Personality Change After Heart Attack?

Featured Article, Healthy Heart, Heart attack
on August 21, 2012
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QUESTION: My mother-in-law has always been the most positive, active woman I know. She has been a wonderful role model to all of us. She mothered nine children, now productive adults with children of their own, lives in the house they all grew up in, tends to her garden, friends and life in general. A month ago, she suffered a massive heart attack. She survived, much to the doctor’s amazement, and is now home convalescing. The challenge for all of us who have taken on the role of caregiver is that she has undergone a dramatic personality change. This once positive, generous, helpful and loving person has become cynical, rude, negative and very difficult to be around. Her doctors told us she can’t be alone day or night for at least the next three months. With so many of us wanting to help, it has been easy to create a spreadsheet and allow everyone to select which shifts he or she would like to fill. Even the older grandchildren have signed up. We are all still in shock this has happened. Personally, I’m fearful her negative attitude will drive away some of the family members. She has also been told she needs to go back in the hospital in six months for yet another heart surgery. She has adamantly told all of us that she has no intention of going back to the hospital and that even though her doctors tell her it is mandatory she have this additional surgery, her response is, “I’ll take my chances.” Her actions are very painful to watch.  What can we do to cope with her personality change and keep it from getting worse?—Caitlin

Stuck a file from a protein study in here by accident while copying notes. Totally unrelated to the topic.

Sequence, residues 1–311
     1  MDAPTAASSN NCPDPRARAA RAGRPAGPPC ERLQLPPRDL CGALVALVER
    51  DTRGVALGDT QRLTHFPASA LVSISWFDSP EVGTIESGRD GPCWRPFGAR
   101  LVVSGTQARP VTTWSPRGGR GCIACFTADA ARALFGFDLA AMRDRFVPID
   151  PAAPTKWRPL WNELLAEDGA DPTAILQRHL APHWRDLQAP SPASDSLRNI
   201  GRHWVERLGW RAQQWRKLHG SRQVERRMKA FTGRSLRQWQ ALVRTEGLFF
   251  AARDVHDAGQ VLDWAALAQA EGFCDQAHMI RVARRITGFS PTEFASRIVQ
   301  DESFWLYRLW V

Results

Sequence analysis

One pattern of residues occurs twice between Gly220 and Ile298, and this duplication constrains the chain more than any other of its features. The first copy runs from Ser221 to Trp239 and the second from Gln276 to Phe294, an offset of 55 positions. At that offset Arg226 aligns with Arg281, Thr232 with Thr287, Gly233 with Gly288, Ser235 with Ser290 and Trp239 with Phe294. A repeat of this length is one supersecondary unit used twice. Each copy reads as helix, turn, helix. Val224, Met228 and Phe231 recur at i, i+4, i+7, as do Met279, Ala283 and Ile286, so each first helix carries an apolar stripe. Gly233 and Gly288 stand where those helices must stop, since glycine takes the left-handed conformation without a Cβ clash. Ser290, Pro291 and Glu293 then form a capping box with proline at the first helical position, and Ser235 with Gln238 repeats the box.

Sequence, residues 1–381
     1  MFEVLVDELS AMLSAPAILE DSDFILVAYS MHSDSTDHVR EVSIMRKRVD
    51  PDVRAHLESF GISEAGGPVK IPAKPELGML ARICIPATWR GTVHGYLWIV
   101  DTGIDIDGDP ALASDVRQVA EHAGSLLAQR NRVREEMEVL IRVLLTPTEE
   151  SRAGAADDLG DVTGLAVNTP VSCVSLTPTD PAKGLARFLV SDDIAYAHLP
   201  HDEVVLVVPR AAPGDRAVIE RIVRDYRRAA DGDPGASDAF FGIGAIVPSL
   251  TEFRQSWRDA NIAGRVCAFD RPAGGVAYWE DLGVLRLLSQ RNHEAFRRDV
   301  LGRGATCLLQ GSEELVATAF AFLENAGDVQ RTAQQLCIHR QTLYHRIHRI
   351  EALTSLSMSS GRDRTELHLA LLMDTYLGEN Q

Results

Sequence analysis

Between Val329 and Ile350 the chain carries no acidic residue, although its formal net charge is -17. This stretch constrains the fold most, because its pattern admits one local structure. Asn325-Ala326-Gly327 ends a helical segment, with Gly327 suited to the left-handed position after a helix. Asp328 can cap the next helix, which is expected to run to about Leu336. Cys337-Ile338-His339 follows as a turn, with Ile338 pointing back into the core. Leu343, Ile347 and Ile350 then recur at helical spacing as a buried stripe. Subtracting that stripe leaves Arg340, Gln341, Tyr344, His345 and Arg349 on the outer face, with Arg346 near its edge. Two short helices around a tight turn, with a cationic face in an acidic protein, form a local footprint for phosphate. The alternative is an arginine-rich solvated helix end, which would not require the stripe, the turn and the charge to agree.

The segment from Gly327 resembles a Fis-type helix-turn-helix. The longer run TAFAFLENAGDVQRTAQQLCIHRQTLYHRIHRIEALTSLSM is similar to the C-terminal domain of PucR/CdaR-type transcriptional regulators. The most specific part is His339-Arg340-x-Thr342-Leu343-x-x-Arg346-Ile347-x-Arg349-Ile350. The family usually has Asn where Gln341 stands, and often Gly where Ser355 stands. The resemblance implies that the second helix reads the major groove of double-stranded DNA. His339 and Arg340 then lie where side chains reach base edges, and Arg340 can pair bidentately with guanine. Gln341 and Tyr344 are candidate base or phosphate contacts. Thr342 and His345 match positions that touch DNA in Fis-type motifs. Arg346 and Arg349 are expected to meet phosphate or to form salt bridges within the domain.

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ANSWER: There are a number of issues contained in your question and I will try to answer each one. It is not uncommon for heart attack sufferers to experience a personality change in the way your mother-in-law is reacting. A full-blown heart attack, like the one she experienced, is usually a life-altering event. It is not unusual for heart attack survivors to experience a wide range of emotions from depression and anxiety to sadness and feelings of loss. Visit www.healthtalkonline.org to read more about how others have handled this event in their lives and you will find your mother-in-law’s attitude is not unique. It is heartening to hear that all family members are signed up to help provide care. Perhaps a family meeting without your mother-in-law present would give each of you a chance to express your thoughts and ideas on how to provide the best care possible. Be sure to share how important patience is when caring for someone who has been through a traumatic event. It may be that your mother-in-law is simply tired at this point and can’t imagine going through a medical procedure as serious as heart surgery. My advice to you and your family is to take one day at a time. If your mother-in-law is up to some activity such as going to a movie or shopping, be sure to offer and include her in family activities whenever possible. If she is willing to listen, guide her through the healthy choices that will aid in healing. In the end, it is her decision as to what she chooses to do as far as medical procedures. It might be difficult, but it’s also imperative that someone walk her through end-of-life decision-making. With such a large family, it will make it easier on everyone in the future if her wishes are known, documented and, ultimately, honored.

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Patricia Smith is a certified Compassion Fatigue Specialist with 20 years of training experience. As founder of the Compassion Fatigue Awareness Project© (www.compassionfatigue.org), the outreach division of Healthy Caregiving, LLC, she writes, speaks and facilities workshops nationwide in service of those who care for others. She has authored several books including To Weep for a Stranger: Compassion Fatigue in Caregiving, which is available at www.healthycaregiving.comor Amazon.com.

 

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